I had an interesting meeting last week with Sheila Zipf of the non-profit Bobby Dodd Institute in Atlanta. The Bobby Dodd Institute (BDI) is "committed to reducing the unemployment rate by helping people with disabilities and disadvantages overcome barriers to work." BDI works in partnership with governmental agencies and private enterprise to help train and place people with disabilities. BDI provides vocational training and job placement for many disabled adults who otherwise would not be able to enter the workforce.
Sheila and I discussed some mutually compatible territory between us through the Social Security Trial Work Program. Helping to re-integrate individuals with disabilities into the larger community with employment as part of the process is a worthy goal. With rehabilitation and vocational training many individuals may overcome obstacles to employment. However, individuals who might be candidates for part-time or modified employment may be discouraged from attempting this type of employment for fear of losing Social Security benefits.
In recent years, Social Security has encouraged trial work periods by alleviating the perceived fear of forfeiting hard-won Social Security benefits. During a trial work period, a beneficiary receiving Social Security disability benefits may test his or her ability to work and still be considered disabled. SSA allows a beneficiary to work for at least 9 months in a rolling 60 month period. Earnings at or above $720 in a month will constitute a work period. After a trial work period, you have 36 months in which you can work and still receive benefits for any month that earnings are not "substantial" ($1010/month or $1690/month if you are blind). If your benefits become "substantial" then you will no longer receive Social Security payments. However, you have five years during which you may request for benefits to be reinstated if you become unable to work again because of your medical condition. You will not have to file a new application for benefits and your benefits will begin immediately.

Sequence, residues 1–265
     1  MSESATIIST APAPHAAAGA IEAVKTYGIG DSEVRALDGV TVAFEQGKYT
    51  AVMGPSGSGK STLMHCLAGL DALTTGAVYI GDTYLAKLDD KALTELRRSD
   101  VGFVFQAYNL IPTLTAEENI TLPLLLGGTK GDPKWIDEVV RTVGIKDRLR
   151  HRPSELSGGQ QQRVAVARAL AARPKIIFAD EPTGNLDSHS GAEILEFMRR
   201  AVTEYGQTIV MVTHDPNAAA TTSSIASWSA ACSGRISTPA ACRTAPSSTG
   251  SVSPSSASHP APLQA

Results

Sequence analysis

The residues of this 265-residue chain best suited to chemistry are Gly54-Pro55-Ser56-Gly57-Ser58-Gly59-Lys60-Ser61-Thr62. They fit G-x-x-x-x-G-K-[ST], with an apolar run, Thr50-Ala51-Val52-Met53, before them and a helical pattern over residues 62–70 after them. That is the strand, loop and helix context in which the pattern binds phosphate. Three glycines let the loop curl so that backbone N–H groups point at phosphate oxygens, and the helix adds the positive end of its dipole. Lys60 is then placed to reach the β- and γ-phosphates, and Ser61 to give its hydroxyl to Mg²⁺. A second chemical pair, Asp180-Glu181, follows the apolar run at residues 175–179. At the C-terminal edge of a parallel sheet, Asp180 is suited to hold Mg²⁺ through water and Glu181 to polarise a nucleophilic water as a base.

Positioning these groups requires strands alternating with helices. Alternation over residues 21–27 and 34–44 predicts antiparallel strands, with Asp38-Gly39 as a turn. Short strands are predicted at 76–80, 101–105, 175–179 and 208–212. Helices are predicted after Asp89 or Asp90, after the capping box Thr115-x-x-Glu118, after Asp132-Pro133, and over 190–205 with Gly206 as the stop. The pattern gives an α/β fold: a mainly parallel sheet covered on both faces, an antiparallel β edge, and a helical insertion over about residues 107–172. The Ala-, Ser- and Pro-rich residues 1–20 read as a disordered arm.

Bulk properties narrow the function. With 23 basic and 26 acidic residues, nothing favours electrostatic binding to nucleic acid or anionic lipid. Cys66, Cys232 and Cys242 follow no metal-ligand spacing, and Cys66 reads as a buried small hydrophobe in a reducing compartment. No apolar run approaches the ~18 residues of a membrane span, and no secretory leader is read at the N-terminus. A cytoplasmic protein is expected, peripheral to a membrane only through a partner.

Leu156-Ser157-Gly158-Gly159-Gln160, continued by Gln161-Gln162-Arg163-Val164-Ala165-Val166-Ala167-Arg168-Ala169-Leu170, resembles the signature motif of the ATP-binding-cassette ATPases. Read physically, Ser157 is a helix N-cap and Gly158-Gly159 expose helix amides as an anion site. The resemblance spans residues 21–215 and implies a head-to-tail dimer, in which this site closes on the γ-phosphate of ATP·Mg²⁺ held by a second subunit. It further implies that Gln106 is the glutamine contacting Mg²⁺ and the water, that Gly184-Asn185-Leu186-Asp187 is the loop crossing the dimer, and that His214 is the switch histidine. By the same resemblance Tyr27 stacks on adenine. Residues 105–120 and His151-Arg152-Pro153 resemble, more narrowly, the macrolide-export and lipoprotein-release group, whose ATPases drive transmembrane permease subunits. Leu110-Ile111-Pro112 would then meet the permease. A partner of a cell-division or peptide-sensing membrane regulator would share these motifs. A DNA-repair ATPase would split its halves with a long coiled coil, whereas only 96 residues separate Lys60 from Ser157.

Also, if your benefits stop because your earnings are substantial, you still qualify for Medicare Part A coverage for at least 93 months after the 9 month trial work period. After that, you can buy Medicare Part A and Part B coverage by paying the monthly premium.
For SSI recipients, Social Security will work with you to establish a Plan to Achieve Self Support. This program allows you to use money and resources toward a specific work goal. Such funds would not affect your SSI benefit. The Ticket to Work program allows SSI recipients to earn up to $15,000 (may vary by state) and still receive a reduced SSI benefit and remain eligible for health insurance.
Programs like BDI provide the training and corporate contacts that may enable individuals with disabilities to re-enter the workforce. BDI also works with employers on incentive programs and accommodations for hiring disabled employees. While working is not always an option for every disabled individual, programs like SSA's Trial Work Program and BDI do provide a helping hand.
You may want to contact an attorney to see if you qualify for the Trial Work Program. Our office provides a free consultation by calling 404 255 9838.